Antibiotic Use in Livestock Declines, Chicken Industry Leads the Charge

Antibiotic Use in Livestock Declines, Chicken Industry Leads the Charge

Sales of antibiotics for use in the livestock industry have finally begun to decrease, says a new report from the National Resources Defense Council.

After years of warnings from the World Health Organization and leading health advocacy groups, sales of medically important antibiotics, while still higher than 2009 levels, dropped 14 percent between 2015 and 2016 for chicken suppliers, NRDC noted today. “This news follows a series of food industry commitments to reduce antibiotic use in chicken production in recent years. NRDC estimates that approximately 50 percent of the chicken industry has now made some level of commitment to curb unnecessary antibiotics used in their production.”

Antibiotics have been added to livestock feed for decades. First, as a way to mitigate the spread of diseases rampant in dense factory farm settings. But the practice became more widespread when it was discovered animals put on weight significantly faster when routinely fed antibiotics. This allowed producers to lessen the time it took animals to reach market weight, increasing profits.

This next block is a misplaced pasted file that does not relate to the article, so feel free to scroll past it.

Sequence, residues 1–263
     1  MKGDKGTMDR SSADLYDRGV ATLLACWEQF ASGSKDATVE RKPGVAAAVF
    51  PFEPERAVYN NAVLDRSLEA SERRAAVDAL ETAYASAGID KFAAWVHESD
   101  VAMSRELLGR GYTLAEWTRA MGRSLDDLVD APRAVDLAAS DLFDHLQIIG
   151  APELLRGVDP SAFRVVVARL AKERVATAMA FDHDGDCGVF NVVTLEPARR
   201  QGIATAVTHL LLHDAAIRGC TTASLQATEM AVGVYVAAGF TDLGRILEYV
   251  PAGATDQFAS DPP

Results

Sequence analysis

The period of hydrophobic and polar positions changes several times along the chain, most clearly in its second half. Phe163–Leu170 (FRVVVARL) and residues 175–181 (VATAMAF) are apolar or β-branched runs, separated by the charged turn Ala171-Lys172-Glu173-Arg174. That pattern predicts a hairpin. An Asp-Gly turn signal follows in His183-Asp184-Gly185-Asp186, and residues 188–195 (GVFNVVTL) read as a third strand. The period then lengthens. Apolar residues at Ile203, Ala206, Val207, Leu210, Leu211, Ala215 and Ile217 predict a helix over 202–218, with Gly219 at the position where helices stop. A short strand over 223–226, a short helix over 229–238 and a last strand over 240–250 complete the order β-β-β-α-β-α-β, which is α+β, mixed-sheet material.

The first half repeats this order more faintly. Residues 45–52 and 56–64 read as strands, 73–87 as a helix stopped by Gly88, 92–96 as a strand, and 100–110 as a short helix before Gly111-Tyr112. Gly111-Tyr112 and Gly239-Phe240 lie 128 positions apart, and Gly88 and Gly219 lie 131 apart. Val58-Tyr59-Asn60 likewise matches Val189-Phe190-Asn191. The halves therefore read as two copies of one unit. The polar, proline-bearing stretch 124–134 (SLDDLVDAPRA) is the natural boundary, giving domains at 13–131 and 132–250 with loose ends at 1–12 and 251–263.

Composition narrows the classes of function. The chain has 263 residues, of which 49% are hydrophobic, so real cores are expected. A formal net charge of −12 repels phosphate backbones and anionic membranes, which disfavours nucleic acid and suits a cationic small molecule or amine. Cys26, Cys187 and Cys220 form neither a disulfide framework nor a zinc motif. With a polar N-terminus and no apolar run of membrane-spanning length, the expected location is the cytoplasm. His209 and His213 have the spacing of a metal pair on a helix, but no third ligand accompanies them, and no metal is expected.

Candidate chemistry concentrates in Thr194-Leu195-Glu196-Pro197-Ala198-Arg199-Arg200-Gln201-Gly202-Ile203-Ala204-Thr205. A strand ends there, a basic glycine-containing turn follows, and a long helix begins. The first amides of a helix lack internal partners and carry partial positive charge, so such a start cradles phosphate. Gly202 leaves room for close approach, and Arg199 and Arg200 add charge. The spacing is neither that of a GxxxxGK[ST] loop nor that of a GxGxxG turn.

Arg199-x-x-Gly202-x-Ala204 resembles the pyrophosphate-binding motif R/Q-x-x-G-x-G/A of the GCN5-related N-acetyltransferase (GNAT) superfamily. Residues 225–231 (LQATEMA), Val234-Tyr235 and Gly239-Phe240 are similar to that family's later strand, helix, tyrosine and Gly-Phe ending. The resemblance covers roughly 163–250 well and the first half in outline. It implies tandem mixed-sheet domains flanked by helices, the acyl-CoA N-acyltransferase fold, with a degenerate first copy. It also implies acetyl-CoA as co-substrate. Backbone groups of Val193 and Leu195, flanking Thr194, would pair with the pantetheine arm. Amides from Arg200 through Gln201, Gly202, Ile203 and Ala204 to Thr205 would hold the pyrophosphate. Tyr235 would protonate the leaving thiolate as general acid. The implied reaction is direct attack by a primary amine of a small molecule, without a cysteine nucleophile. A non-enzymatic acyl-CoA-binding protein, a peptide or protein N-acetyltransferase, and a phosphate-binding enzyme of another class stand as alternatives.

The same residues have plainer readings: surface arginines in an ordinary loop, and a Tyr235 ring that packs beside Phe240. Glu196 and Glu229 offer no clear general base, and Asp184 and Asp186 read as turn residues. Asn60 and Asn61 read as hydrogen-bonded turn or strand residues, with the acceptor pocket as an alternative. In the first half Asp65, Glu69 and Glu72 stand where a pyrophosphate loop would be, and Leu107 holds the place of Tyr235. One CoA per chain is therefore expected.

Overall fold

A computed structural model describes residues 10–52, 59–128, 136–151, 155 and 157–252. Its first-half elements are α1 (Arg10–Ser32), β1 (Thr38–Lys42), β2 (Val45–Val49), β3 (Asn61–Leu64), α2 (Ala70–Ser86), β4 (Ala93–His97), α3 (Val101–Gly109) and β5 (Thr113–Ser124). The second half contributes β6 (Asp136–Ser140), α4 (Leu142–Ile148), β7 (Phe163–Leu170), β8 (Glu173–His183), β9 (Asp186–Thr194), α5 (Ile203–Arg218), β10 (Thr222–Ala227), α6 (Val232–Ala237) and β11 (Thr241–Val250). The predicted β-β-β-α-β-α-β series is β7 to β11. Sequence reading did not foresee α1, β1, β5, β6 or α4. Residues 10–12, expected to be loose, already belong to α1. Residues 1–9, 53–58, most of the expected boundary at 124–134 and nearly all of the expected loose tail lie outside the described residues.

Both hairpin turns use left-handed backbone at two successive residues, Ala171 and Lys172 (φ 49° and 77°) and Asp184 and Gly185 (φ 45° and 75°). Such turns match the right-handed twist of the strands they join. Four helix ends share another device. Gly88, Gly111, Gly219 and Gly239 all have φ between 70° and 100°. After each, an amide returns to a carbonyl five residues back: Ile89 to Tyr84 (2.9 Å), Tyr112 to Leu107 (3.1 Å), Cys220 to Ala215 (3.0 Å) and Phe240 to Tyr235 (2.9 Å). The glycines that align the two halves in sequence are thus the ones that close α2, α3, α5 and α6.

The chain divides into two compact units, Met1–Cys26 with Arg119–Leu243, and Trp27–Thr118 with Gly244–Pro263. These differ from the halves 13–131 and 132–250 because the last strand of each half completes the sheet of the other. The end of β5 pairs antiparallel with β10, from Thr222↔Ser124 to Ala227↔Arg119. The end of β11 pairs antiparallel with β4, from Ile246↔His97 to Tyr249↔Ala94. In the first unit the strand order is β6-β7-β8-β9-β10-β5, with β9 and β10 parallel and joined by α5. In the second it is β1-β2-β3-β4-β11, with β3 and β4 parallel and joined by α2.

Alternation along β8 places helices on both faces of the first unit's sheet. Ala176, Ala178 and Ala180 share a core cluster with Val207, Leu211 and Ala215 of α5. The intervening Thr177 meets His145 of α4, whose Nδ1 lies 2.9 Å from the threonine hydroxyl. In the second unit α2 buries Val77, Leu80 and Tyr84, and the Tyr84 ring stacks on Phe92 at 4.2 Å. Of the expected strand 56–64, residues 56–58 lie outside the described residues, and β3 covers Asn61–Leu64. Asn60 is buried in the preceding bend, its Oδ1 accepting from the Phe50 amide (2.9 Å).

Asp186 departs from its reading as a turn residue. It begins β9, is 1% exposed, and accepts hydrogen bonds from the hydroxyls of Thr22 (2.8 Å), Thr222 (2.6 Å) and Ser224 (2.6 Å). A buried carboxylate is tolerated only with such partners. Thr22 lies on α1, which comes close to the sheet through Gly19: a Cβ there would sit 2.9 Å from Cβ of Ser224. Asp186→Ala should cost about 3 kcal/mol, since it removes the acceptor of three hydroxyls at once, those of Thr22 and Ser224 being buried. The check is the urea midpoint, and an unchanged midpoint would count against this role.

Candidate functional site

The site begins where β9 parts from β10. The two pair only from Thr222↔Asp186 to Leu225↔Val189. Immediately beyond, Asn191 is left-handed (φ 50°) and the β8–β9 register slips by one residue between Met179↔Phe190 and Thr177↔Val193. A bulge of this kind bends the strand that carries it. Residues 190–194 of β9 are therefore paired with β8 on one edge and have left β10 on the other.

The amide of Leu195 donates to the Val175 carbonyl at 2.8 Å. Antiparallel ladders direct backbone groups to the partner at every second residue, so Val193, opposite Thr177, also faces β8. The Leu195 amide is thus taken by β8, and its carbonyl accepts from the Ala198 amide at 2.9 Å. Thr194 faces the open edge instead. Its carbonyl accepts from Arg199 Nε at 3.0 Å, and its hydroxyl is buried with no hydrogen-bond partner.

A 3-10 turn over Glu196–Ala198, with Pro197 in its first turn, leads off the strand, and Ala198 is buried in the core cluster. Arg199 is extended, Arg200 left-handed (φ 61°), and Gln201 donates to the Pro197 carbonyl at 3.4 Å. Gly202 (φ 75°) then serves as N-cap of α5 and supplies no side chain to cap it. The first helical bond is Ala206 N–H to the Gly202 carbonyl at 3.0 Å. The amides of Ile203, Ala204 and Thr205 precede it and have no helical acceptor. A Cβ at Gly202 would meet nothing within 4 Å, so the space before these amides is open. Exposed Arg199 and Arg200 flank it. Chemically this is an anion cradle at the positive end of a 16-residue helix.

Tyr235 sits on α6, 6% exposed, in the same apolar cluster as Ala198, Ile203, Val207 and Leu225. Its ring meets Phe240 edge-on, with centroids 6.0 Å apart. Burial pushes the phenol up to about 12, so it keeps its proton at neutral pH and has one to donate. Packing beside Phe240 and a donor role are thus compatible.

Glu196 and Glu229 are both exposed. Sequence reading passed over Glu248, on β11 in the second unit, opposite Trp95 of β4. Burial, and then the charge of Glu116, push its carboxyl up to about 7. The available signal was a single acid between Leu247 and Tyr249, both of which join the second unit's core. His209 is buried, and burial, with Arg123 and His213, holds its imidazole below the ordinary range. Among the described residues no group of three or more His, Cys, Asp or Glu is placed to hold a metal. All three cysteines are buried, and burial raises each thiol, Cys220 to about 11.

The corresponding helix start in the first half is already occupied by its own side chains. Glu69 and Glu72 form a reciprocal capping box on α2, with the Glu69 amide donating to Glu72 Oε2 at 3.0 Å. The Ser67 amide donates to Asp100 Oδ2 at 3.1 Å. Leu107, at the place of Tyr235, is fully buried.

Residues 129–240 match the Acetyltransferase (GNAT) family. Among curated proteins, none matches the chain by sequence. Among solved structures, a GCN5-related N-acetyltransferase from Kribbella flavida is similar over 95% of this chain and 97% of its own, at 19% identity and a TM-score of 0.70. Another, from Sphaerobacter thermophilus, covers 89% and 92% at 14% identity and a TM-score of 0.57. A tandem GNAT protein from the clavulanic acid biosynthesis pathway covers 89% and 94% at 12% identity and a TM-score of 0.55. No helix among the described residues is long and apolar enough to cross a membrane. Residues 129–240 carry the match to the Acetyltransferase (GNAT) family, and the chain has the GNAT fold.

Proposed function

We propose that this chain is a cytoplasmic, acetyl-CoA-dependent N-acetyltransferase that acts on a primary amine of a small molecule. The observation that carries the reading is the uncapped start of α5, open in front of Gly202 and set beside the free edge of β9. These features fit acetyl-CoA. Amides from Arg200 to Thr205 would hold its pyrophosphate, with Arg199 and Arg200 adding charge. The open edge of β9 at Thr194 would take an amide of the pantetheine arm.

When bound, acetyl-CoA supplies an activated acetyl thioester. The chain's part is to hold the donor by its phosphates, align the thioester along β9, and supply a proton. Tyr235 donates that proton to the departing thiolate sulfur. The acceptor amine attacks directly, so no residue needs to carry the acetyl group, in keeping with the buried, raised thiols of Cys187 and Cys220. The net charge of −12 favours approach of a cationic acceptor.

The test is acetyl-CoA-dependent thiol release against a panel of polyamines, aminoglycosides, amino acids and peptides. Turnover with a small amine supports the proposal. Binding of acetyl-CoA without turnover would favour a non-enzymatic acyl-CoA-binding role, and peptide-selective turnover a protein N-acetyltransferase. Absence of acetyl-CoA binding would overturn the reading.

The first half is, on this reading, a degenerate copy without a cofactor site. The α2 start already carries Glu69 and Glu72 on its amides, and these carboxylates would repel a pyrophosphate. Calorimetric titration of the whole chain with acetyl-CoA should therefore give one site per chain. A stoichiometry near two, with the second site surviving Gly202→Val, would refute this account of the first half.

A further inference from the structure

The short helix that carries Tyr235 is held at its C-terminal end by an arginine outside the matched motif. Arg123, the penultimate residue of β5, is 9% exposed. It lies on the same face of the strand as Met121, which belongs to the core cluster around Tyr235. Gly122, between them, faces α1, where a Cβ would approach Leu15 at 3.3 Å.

But the practice of feeding antibiotics to livestock comes at a cost, namely the spread of antibiotic-resistant infections, an issue so grave the World Health Organization has warned that the “post-antibiotic era” is quickly approaching. Already, more than 23,000 Americans will die from antibiotic-resistant infections every year. Bacteria have even begun to develop resistance to drugs considered “last resort” antibiotics — those that are generally avoided because of dangerous risks including kidney failure. If last-resort antibiotics are no longer effective against infections, the World Health Organization warned something as simple as a scrape on the knee could become deadly.

And while the pork and beef industries have yet to decrease their dependence on antibiotics on par with the chicken industry, NRDC says the news is hopeful.

“This course change provides a glimmer of hope that we can beat the growing epidemic of drug-resistant infections,” said Avinash Kar, NRDC senior attorney. “The progress is no doubt influenced by the groundswell of change we’ve seen in the chicken industry in the past few years—but beef and pork are lagging behind. It will take all hands on deck to keep our miracle drugs working when sick people and animals need them.”

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